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I am learning about generative models, and I don't quite understand how the GAN architecture can maintain similar generated images close in the latent space. For example, an autoencoder and a variational autoencoder can map similarly generated images very close in their latent space representation. This can be done because the encoder learns to map similar images in the latent space in order to reduce the loss.

However, in the case of a GAN, there is no encoder. Instead, the latent space comes from a high-dimensional Gaussian distribution. The problem is that each time a vector is sampled from the latent space, it is a completely random vector from the distribution. This could lead to the following possibilities:

First: Very different images could be sampled with very close latent points. This would mean that we could have similar images in different parts of the space. Second: Non-similar images could be very close in their latent representation. Meaning that a single point could represent two different types of images. My problem comes with the question: If a latent point is sampled randomly with each generation, how is it possible to cluster similar images in the latent space?

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The GAN generator is an encoder from a latent space. The latent space is unconstrained by any individual items of training data, it doesn't matter which real images are shown to help train the discriminator. Training the discriminator to correctly classify "real" images is handled as a separate stage of training to the stage of training on fake images, and there is no direct link between the training images used and the generator's output.

The discriminator does not take the latent space as an input, only an output image to classify as real or fake. As such, the discriminator cannot provide feedback based on the "closeness" of images or not to a target expression of the latent space, only whether it can differentiate between generated and real images. This is very different to a Variational Autoencoder (VAE), which is trained based on reconstruction errors from specific target images.

The generator is therefore free to create an arbitary latent space during training to represent any subset of images that will fool the discriminator. As there is no strong reason to create strongly delineated sub-spaces of output based on the input, the generator will naturally tend to produce similar/related images when the inputs are similar.

The generator doesn't have to produce images from either a smooth or noisy latent space. It will just tend towards what the architecture and initial weights encourage. As it happens, this will more often be a smoothly interpolatable space than a high frequency pseudo-random one.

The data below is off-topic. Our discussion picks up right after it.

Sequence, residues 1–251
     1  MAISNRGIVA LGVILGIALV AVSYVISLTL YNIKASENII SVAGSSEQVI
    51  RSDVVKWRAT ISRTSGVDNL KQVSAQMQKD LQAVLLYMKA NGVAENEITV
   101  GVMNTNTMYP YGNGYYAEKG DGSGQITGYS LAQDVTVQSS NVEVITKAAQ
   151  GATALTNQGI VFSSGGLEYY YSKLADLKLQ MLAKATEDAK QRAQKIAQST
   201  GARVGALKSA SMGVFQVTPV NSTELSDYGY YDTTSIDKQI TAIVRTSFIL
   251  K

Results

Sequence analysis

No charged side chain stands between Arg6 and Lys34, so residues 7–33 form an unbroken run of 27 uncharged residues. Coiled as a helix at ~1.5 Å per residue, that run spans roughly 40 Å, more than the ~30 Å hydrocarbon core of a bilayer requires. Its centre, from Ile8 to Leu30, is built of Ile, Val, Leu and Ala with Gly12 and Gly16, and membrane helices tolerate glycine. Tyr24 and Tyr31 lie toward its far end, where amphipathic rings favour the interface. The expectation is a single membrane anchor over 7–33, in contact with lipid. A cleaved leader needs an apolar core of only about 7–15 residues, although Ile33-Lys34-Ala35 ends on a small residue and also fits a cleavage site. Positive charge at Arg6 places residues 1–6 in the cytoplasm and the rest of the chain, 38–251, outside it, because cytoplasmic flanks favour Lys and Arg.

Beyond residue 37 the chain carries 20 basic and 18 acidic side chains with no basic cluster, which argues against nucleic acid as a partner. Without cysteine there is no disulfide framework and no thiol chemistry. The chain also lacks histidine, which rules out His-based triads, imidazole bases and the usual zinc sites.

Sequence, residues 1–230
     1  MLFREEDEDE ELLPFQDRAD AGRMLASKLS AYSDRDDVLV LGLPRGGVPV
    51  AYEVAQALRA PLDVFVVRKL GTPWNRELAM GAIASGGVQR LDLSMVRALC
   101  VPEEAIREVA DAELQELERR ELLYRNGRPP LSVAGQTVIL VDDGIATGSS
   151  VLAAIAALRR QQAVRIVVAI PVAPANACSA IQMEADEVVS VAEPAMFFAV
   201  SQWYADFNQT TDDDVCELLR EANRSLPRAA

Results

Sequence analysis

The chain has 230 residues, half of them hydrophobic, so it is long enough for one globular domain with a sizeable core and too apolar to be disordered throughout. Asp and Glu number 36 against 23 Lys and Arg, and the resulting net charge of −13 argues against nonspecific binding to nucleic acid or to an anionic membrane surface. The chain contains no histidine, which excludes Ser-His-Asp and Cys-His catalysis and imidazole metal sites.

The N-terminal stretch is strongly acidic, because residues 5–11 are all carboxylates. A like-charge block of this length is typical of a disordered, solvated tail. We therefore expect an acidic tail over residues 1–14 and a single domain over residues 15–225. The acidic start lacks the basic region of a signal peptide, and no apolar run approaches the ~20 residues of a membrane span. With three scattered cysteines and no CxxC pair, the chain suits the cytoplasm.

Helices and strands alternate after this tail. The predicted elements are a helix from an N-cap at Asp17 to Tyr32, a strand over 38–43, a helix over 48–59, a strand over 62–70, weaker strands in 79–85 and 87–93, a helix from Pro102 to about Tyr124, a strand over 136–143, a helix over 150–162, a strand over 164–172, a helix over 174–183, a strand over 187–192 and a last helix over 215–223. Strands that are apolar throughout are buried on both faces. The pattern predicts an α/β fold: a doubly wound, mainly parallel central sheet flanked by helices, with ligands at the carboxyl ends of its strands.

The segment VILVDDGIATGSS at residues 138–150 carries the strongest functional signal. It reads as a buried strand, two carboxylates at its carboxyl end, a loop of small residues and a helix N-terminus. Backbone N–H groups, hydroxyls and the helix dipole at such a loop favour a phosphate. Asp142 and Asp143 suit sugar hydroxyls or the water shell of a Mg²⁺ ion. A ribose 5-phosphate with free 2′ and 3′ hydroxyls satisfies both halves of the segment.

First: Very different images could be sampled with very close latent points.

This could happen, but only if the generator was already producing very different images from close latent points due to its current weights. There is no association with real training images for the discriminator - which of those images are sampled are completely independent of the generations.

Second: Non-similar images could be very close in their latent representation. Meaning that a single point could represent two different types of images.

A single point won't be required to represent two different images, because it doesn't have to represent anything specific. It is free to drift to whatever the generator makes with that output, under only the constraint that it fools the discriminator. It doesn't have to fool the discriminator that it has made a specific image, but just any image from the class of "real images".

In general, close latent spaces can produce very different images, and this can happen, but there will often be a tendency to create a smooth latent space, because that is an easier set of weights to learn for most neural networks. NNs tend towards global average solutions first during training, and add detail after - this is why early stopping works well as a regularisation technique for neural networks.

In practice, GANs can suffer from the opposite problem - the outputs becoming too similar regardless of input position in the latent space, and lacking the full gamut of allowed values from the training data. This can result in a failure state called mode collapse where the generator focuses output on a small subsection of possible outputs, which the discriminator will decide on average are always fake, and the whole training process become stuck.

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